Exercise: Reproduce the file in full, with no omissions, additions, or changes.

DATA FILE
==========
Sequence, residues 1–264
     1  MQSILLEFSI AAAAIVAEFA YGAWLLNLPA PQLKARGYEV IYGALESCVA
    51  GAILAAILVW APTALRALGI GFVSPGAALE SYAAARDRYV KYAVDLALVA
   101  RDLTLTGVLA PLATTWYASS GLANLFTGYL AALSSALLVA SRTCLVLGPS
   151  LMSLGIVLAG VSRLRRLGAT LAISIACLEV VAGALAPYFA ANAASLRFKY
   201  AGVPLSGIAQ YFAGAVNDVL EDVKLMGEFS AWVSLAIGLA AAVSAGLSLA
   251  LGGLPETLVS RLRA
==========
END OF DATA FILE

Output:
Sequence, residues 1–264
     1  MQSILLEFSI AAAAIVAEFA YGAWLLNLPA PQLKARGYEV IYGALESCVA
    51  GAILAAILVW APTALRALGI GFVSPGAALE SYAAARDRYV KYAVDLALVA
   101  RDLTLTGVLA PLATTWYASS GLANLFTGYL AALSSALLVA SRTCLVLGPS
   151  LMSLGIVLAG VSRLRRLGAT LAISIACLEV VAGALAPYFA ANAASLRFKY
   201  AGVPLSGIAQ YFAGAVNDVL EDVKLMGEFS AWVSLAIGLA AAVSAGLSLA
   251  LGGLPETLVS RLRA